Public Beneficial Ownership: Can the European Court of Human Rights save financial transparency?
On 22 November 2022, the Sovim judgment of the European Court of Justice of the European Union (ECJ) struck down the requirement, set up by the European Union (EU) Directive 2018/843 of 30 May 2018, that ultimate beneficial ownership registries should be accessible to members of the general public. Ultimate beneficial ownership refers to the person who owns or controls a customer, or on whose behalf a transaction is conducted. The public nature of these registries is key in civil society’s efforts to track illicit financial flows. For example, journalists have used these registries in many ways: in the OpenLux investigation to uncover hidden Luxembourg companies used by figures of the Italian mafia to hide money; to unmask Serbian political insiders doing business with criminals; and to reveal the activities of children of Russian oligarchs hiding vast real estate holdings.
The ECJ ruled that making such information public exposes final beneficial owners to a risk of profiling, infringing on their right to privacy. It further stressed that the implementation of the anti-money laundering policy is predominantly the duty of public authorities and obliged entities. The Court failed to recognise the added value of making ultimate beneficial ownership registries accessible to the general public, weighing that it amounted to a “considerably more serious interference” on the beneficiaries’ right to privacy.
This judgment, which has been criticised by most civil society organisations fighting money-laundering and tax evasion (see statements by Transparency International and the Tax Justice Network), is a serious setback to achieving financial transparency in the EU. Disturbingly, it leaves civil society with limited capacity to identify and further expose money laundering and tax evasion schemes. Ultimate beneficial ownership registries are now only accessible to organisations who have a “legitimate interest” to access them.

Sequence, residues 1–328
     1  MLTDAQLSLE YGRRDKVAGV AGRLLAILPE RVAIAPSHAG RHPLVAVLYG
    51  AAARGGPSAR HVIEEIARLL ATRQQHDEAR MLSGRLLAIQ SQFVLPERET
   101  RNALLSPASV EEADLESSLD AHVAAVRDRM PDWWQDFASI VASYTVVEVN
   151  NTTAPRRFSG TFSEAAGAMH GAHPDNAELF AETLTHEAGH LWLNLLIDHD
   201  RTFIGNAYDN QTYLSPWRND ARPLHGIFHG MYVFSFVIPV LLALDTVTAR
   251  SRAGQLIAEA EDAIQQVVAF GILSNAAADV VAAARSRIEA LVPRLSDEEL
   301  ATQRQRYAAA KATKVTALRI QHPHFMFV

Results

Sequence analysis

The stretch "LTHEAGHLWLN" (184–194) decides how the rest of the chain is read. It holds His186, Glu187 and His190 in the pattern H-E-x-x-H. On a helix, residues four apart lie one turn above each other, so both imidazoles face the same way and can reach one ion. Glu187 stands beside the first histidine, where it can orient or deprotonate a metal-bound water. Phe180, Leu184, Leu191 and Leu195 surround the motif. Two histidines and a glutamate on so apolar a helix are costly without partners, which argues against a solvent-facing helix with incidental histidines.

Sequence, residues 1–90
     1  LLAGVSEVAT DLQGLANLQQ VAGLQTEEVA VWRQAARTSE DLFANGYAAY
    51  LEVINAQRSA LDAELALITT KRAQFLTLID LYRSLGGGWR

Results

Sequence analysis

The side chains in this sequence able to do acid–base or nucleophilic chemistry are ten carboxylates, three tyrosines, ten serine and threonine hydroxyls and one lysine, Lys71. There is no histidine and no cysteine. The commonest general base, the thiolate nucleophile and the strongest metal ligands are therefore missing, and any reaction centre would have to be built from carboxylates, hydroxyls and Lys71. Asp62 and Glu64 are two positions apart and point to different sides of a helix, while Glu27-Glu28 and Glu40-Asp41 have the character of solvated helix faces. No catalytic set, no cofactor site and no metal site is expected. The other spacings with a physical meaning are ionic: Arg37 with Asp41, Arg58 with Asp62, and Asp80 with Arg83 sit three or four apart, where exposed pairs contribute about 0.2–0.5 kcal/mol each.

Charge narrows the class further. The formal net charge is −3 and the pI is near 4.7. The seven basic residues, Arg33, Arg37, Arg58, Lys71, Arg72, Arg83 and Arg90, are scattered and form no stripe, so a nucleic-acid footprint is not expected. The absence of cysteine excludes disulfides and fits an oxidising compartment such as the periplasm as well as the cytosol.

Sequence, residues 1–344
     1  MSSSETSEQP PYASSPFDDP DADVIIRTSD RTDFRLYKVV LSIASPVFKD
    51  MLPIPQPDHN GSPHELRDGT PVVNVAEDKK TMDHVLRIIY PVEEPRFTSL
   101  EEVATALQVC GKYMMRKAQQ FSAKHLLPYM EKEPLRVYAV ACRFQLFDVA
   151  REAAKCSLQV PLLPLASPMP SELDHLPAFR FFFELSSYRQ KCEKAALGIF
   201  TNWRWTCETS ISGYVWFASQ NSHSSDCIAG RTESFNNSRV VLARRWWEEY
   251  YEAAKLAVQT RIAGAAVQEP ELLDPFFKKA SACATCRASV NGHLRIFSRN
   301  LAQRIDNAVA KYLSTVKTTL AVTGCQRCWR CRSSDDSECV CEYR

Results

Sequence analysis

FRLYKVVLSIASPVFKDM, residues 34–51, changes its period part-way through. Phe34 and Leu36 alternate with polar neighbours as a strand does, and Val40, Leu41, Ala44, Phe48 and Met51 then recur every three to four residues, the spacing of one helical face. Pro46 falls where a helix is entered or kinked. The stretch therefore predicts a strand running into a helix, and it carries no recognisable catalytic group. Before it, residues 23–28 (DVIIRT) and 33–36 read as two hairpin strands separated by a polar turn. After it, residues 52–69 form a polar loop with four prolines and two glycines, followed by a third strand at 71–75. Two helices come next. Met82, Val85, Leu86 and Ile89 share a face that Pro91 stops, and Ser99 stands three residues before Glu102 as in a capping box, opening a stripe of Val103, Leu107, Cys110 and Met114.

While the Sovim judgment recalled that civil society organisations working on money laundering issues have in principle a legitimate interest in having access to the data stored in the registers. This is by no means sufficient as all non-governmental organisations (NGOs), but also academics, essayists, and bloggers, play a prominent role in exposing the adverse effects of money laundering and tax evasion on public goods and the public’s well-being.
We contend that modelling the notion of “legitimate interest” on the case-law of the European Court of Human Rights (EctHR) might be effective in giving agency back to civil society organisations involved in exposing illicit financial flows.
In the Magyar Helsinki judgment of 2016, the EctHR stated that all organisations and individuals who request public information in order to “open a public debate” have a right to obtain such information provided they play a role of “public watchdog”. This includes, in the court’s view, not only journalists and media outlets, but also all NGOs, academics, essayists, as well as bloggers and influencers active on social networks, irrespective of whether they work on money-laundering issues, or not.
There is no doubt that all “public watchdogs” have a well-grounded right to access ultimate beneficial ownership information, especially since, in the eyes of the Court, the debate on taxation and money laundering issues is of public importance. Indeed, in the recent Grand Chamber judgment “Halet v. Luxembourg”, the Court recalled, in a sharp contrast with the ECJ, the utter importance of the debate on “tax avoidance, tax exemption and tax evasion”.
In light of this case-law, we contend that the European legislator should amend the current anti-money laundering framework to provide that persons and organisations playing the role of “public watchdogs” have full, unfettered, right of access to the registries’ data. Ultimately, there is little doubt that civil society will be able to successfully leverage EctHR’s case-law to make sure registries are accessible to all “public watchdogs” should states implement restrictive conditions of access.
By Jean-Philippe Foegle, Advocacy and Litigation Officer, Sherpa